What went wrong for Boris Johnson in Tory revolt – and what that means next

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Boris Johnson’s position is looking increasingly under threat after he suffered the largest Tory rebellion – since the 2019 General Election – as his latest national Covid restrictions were voted on by MPs in the House of Commons. With the support of Labour the measures passed but the outcome is likely to concern the Prime Minister, should he need to introduce tougher rules later down the line. So, what exactly went wrong for Mr Johnson last night and what implications does this have for his leadership moving forward?

On Tuesday night a series of votes were held in the House of Commons to decide whether or not to pass Mr Johnson’s Covid restrictions, which he announced last week.

Over the course of the session a majority of MPs voted to approve the following:

• The extension of mandatory face mask-wearing to most public indoor venues in England
• The mandatory use of the NHS COVID pass for entry into nightclubs and large events
• The relaxation of self-isolation rules for those who are a contact of an Omicron case, with the use of daily testing instead
• Compulsory COVID vaccinations for frontline NHS and social care staff

However, the measure to introduce NHS Covid passes was only able to be approved thanks to the support of Sir Keir Starmer’s Labour Party.

On this particular restriction, 100 Conservative MPs rebelled and voted against the Prime Minister.

The number was much larger than most pre-vote estimates and the rebels came from all factions of the Conservative Party, including former cabinet ministers, brexiteers and remainers.

Iain Duncan Smith, Andrea Leadsom and Esther McVey are examples of Tory MPs who voted against Mr Johnson during last night’s vote.

In fact, the recently elected MP for Old Bexley and Sidcup, Louie French, also went against Mr Johnson – having only taken the seat within the last fortnight.

Mr French later explained that he had made “a clear pre-election pledge that I would not support COVID passes for our domestic economy and voted accordingly”.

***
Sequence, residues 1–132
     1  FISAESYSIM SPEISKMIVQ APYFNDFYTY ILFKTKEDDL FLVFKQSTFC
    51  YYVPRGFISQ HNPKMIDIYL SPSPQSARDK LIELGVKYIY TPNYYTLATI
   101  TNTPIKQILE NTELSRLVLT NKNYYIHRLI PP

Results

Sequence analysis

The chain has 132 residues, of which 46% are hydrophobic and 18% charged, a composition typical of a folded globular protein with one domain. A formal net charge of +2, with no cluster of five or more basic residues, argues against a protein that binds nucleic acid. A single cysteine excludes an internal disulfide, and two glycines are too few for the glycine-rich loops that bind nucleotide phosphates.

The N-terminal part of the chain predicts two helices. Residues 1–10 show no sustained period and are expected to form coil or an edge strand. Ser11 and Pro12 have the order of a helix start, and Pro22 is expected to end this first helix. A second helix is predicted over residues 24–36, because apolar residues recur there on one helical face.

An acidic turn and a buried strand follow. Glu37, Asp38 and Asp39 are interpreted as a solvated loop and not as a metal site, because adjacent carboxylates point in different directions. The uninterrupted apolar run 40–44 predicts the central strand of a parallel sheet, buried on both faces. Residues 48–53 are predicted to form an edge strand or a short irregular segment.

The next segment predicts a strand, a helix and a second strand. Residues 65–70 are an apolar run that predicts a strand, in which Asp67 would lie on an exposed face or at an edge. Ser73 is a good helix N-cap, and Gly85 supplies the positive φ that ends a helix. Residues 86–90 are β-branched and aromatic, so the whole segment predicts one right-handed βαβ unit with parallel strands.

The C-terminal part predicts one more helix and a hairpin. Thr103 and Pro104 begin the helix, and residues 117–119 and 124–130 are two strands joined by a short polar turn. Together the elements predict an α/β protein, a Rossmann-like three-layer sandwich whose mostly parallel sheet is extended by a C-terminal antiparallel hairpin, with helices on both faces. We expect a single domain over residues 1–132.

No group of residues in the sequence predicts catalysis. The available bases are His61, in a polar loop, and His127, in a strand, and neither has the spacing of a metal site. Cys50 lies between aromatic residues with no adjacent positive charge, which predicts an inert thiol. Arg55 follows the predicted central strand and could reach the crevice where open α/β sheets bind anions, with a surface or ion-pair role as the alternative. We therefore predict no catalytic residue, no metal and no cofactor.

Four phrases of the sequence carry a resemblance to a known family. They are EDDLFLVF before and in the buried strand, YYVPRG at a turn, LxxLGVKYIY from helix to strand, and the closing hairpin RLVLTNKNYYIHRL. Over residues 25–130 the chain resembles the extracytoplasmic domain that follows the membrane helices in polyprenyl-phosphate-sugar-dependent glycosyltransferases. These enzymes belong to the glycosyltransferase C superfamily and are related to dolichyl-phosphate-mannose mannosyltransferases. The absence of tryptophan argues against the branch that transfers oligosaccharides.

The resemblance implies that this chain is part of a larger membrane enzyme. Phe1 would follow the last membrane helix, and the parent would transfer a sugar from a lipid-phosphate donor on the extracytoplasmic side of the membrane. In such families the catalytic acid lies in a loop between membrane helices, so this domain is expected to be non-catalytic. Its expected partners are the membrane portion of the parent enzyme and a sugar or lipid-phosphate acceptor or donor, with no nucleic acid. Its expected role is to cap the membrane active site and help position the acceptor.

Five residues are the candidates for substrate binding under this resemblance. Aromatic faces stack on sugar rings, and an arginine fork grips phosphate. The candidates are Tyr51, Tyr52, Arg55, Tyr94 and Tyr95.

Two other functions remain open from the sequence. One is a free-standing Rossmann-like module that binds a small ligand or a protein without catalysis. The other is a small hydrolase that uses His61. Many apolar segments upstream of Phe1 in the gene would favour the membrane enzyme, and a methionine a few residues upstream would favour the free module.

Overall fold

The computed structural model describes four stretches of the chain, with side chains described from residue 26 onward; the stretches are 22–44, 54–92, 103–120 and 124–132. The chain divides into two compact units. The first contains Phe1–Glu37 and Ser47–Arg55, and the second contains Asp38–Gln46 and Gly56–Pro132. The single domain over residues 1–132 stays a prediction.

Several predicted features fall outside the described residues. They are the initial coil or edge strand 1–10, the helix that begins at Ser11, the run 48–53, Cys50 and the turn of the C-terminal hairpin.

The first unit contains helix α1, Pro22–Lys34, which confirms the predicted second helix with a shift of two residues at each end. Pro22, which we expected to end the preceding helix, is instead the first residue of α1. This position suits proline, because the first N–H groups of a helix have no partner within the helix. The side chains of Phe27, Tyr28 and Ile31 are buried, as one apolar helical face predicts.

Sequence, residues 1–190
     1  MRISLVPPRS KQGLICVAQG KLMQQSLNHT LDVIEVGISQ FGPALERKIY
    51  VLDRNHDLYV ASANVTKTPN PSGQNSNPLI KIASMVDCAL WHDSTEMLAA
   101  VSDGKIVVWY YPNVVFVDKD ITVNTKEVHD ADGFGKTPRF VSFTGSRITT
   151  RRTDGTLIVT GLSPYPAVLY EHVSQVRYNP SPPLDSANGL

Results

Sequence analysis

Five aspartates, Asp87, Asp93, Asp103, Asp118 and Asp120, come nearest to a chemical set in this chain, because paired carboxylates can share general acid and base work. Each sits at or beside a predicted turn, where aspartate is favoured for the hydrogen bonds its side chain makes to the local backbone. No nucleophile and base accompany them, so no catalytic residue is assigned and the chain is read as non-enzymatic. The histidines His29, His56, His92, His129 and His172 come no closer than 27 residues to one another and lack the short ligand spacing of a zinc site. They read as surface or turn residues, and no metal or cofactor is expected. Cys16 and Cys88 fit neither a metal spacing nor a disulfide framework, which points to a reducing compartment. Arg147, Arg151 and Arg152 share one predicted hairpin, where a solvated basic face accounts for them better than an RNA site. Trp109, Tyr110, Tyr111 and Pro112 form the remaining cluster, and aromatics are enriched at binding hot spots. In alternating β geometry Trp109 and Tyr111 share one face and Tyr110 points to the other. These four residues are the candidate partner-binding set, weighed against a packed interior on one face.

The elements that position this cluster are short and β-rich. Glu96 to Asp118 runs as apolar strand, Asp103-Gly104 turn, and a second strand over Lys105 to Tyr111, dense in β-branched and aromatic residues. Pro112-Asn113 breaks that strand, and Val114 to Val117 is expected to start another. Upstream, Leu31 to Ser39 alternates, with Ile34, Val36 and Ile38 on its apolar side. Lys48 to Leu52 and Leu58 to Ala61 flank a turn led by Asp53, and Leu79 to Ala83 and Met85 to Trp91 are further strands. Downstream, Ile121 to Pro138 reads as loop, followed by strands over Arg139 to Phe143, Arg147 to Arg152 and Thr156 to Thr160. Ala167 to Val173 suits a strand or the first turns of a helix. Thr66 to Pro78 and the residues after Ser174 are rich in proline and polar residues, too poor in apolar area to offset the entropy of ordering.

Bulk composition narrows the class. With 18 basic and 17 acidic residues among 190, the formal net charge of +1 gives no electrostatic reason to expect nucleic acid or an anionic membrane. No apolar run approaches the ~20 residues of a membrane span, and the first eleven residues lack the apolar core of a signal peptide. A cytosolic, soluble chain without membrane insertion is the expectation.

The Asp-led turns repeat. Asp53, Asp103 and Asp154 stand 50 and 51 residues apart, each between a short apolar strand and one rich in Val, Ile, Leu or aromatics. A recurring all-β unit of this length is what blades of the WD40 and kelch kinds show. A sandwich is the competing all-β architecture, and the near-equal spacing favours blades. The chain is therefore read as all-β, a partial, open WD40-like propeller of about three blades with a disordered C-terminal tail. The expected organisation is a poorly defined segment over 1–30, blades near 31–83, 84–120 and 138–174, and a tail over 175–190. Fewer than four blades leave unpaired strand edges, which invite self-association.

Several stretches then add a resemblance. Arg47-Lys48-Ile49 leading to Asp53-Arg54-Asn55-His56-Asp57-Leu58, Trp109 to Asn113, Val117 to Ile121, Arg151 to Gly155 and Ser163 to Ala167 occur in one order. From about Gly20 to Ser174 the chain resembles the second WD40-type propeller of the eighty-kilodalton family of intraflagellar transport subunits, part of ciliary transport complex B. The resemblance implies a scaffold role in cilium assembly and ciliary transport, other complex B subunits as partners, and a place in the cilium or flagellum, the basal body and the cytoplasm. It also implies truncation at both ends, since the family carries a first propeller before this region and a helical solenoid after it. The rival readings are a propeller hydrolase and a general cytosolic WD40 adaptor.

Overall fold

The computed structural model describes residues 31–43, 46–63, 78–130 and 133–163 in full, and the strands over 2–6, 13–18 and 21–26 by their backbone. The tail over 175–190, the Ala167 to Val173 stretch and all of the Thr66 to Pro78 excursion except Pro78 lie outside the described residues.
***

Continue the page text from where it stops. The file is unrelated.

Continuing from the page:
Many of the MPs who voted against introducing NHS Covid passes had previously expressed concerns that the restriction would undermine public trust.

Mr Johnson has also faced revolt from Tory MPs after allegations emerged that a number of Christmas parties took place in Downing Street, last year, that were a breach of Covid regulations.

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An investigation has since been launched by the Cabinet Secretary, Simon Case, to explore the accusations in further detail.

Throughout Tuesday the Health Secretary, Sajid Javid and the Government’s Chief Whip, Mark Spencer, had attempted to ease concerns that were held by politicians.

However, their efforts were in vain and the PM could now face a difficult situation should he look to introduce tougher Covid rules as the Omicron variant continues to spread rapidly throughout the UK.

Even if it meant recalling Parliament from its Christmas recess the PM is expected to give MPs the chance to vote, in the Commons, on further measures should they be required.

Nonetheless, any vote could belittle his support further, and some fear this could be a sign the PM is on his way out very soon.

Jonathan Powell, who served as chief of staff to the Labour prime minister, Tony Blair, said this week: “It’s not the end for him, but I think it’s the beginning of the end. The problem is that these crises have a cumulative effect.

“As soon as he ceases to be an asset and the party is facing an election, they’ll get rid of him.”

Bookies, Betfair, has it at 11/1 that Boris could quit before the year is out, and evens he’ll leave his post in 2022.

Spokesperson Sam Rosbottom said: “Betfair Exchange’s political punters have spoken and they now believe the pressure on the PM will ratchet up again as the odds of the previously safe North Shropshire seat turning yellow shorten again to just 4/7.

“In the past week, the odds for Boris Johnson to quit this year have tumbled from 149/1 to just 11/1 and there’s now more chance of the PM stepping down before 2021 is out than ever.”

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